Why you get ingrown hairs and how you can manage them.
Updated: Jun 29, 2020
Have you ever had an ingrown hair, or suffer from their effects regularly? I can raise my hands to both. For a long time I found them embarrassing and would often find myself sat with a pair of tweezers trying to prize them out. Don’t do a me! I’ve been there and done that and unless you know what you are doing you will just end up in a cycle of picking, with possible scars and infections to boot. It wasn’t until I understood why I got them, and how I was making them worse, that I was able to break the cycle. Keep reading to find out why we get ingrown hairs in the first place, and for some useful prevention tips.
First of all, to prevent hairs from growing in this way you really need to understand what is going on underneath the skin, and what effects each method of hair removal has on this. Shaving, waxing, and other hair removal methods will impact the regrowth of hairs. Some people are simply more prone to ingrown hairs based on their genetics, they occur naturally, and also come with the territory of hair removal. Now, if you are anything like me, you will just prefer to not have hair in certain places. By the way, big ups to all the ladies that are hairy and care free – I think that is awesome.
To all the shavers out there...every time you cut your hairs with a blade you are creating pointed sharp edges. If you have hair that curls (and most pubic hair does!), then the hairs can easily go ahead and curl right back round, re-piercing the skin and continuing to grow inwards. The skin will keep regenerating new skin cells, making these hairs harder to reach. As well as this, you’re probably experiencing stubble, rashes, and itchiness as part of the parcel of using a razor.
Hey fellow waxers! Waxing is also guilty of causing ingrown hairs. “Why’s that?” you ask. The best thing about waxing is that every time you do it your hair grows back sparser, finer, and lighter. This is because each time you rip a hair from its root you are damaging the hair follicle from which it grows, which in turn makes the hairs weaker and weaker. Don’t get me wrong, this is great if you want to see less hair down there, but it does also contribute to the development of ingrown hairs. A normal, undamaged hair will typically grow up from the root and pierce through the skin, before doing whatever it is that hairs do when they’re not getting their heads cut off or are being ripped away from their roots. A waxed, damaged hair is more likely to struggle to do this (bless), and will potentially start growing sideways underneath the skin. Here is a short clip of what a waxed ingrown hair looks like. Thin, weak and blunt at the end.
Ummm hair removal cream users...I hope there isn't many of you relating to this part but if there is, here we go.
Hair removal creams do a very similar job to shaving apart from the hair isn't being cut, it is being chemically dissolved. The chances of ingrown hairs are less than using a razor but you're still looking at skin irritation and itchiness. In my eyes using these harsh chemicals on your skin is a bigger risk factor. You only need to smell the products to know those chemicals are nasty! You can NOT use these on sensitive areas so anybody thinking of touching their down there hair with it needs to re think a few things. Nobody wants a burnt lady garden.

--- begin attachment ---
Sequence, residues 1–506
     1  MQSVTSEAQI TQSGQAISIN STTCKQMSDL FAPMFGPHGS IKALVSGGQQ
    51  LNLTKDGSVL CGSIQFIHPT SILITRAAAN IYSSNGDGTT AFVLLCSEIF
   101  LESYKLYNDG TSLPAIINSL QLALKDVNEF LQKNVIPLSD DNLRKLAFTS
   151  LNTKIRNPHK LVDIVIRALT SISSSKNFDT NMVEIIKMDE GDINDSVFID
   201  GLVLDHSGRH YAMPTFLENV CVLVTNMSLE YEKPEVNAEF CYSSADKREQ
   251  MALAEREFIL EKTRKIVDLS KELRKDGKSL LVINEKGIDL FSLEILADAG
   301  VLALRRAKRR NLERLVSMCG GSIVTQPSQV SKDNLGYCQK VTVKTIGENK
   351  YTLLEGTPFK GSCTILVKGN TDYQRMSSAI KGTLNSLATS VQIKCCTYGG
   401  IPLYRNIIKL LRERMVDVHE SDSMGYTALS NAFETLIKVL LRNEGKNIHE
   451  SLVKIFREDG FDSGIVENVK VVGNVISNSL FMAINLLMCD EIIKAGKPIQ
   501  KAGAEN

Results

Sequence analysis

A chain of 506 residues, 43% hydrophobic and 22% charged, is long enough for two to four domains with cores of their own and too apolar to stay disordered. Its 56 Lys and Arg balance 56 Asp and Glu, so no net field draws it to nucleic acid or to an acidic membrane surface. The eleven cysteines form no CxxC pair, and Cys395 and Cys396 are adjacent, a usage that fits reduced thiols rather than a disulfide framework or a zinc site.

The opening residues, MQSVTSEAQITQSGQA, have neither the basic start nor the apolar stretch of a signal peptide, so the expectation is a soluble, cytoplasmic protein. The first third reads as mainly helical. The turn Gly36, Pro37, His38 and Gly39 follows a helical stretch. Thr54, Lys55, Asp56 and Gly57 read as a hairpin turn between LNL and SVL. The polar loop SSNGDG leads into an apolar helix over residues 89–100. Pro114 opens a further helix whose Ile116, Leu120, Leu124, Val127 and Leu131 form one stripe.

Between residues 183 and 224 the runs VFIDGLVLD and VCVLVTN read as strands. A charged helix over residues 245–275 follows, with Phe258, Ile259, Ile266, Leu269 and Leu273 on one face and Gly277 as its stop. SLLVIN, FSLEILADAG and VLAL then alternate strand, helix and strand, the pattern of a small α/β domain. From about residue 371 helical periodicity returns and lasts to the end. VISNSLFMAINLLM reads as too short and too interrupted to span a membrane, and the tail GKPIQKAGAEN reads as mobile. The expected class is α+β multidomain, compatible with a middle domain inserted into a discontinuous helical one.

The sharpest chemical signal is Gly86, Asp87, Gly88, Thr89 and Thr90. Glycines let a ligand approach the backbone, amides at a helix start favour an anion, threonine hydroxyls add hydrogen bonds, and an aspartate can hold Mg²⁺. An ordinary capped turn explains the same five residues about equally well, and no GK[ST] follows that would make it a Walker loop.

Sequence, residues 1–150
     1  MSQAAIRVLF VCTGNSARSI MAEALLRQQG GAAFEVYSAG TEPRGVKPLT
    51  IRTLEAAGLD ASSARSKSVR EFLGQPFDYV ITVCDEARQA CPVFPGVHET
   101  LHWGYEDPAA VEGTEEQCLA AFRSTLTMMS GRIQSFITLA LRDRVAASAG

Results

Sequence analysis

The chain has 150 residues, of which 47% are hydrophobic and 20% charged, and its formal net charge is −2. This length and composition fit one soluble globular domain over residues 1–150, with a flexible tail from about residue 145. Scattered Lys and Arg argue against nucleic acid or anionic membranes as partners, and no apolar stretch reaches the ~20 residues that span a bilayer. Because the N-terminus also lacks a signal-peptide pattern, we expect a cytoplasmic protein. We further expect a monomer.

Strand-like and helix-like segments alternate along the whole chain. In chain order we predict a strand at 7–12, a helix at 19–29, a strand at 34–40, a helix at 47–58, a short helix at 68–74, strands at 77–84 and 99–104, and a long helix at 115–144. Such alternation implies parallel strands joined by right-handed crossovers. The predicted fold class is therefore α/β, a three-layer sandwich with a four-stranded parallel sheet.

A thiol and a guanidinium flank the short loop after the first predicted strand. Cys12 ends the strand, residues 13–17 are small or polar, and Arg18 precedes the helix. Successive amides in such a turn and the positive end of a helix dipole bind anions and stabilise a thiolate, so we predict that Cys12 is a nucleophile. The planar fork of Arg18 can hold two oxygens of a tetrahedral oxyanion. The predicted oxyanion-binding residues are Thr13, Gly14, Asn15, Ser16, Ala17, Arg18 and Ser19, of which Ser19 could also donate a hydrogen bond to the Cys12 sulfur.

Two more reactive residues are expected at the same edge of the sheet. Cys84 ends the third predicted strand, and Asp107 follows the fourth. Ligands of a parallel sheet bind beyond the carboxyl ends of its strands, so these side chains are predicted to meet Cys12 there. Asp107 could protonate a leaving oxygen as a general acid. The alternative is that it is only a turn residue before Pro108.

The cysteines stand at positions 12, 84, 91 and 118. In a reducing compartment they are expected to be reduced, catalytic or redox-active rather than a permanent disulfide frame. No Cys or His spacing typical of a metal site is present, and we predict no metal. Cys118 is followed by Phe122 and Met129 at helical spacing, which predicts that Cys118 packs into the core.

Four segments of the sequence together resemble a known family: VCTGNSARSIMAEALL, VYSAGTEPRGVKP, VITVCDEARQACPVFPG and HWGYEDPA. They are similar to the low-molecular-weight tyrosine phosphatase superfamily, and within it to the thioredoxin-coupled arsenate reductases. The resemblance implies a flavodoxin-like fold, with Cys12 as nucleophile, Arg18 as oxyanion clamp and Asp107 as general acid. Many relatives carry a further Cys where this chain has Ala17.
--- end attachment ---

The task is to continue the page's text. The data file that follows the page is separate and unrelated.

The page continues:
So now we know what the effect of each method is we can look at other factors that will be contributing.
Hygiene! Now this is a biggy. It is so important to keep area's you remove hair from clean. A build up of dirt and oil can be the difference between an ingrown hair naturally sorting itself out or becoming infected and painful.
People that wax with me might have noticed that before I even come near you with that wax
I will be getting gloves on and cleansing the area to be waxed thoroughly.
Tight clothes and poly based fabrics. Wearing tight clothes puts pressure on hairs encouraging them to grow inwards. They can also lead to excessive sweating. So all you lycra wearing gym goers make sure to give your skin a chance to breath, even if gym clothes are really comfy.
Not exfoliating. If you never remove those dead skin cells then you're not giving the hair a chance to relieve itself.
Hot weather and sweating - In the hot weather you will naturally sweat more. Sweat and dead skin cells can block the hair follicle trapping it under neath the skin.
So what can we do to prevent ingrown hairs?
Keep the area clean - now we all know not to use soap down there as it can disrupt our pH balance but in fact you can use a gentle soap on the top pubic area without going underneath and it is perfectly fine. Make sure after bathing or showering that you dry the area and you put on clean clothes.
Wear the right size cotton underwear. Lets face it, cotton pants aren't always the sexiest but comfort over sexiness is what you wanna go for if you want to avoid ingrown hairs. Especially for the first few days after a wax.
Exfoliate - This is so crucial! It is important to get the right balance though. Like don't go in scrubbing away with your pumice stone. You need to find something gentle to exfoliate sensitive areas. It doesn't have to be expensive, you can even use oats or sugar. At the same time you don't want to be over exfoliating this can lead to the skin regenerating more skin cells to compensate so can actually be counter productive.I recommend no more than 2/3 times a week. Exfoliating removes dead skin cells giving waxed hairs more opportunity to break through the skin.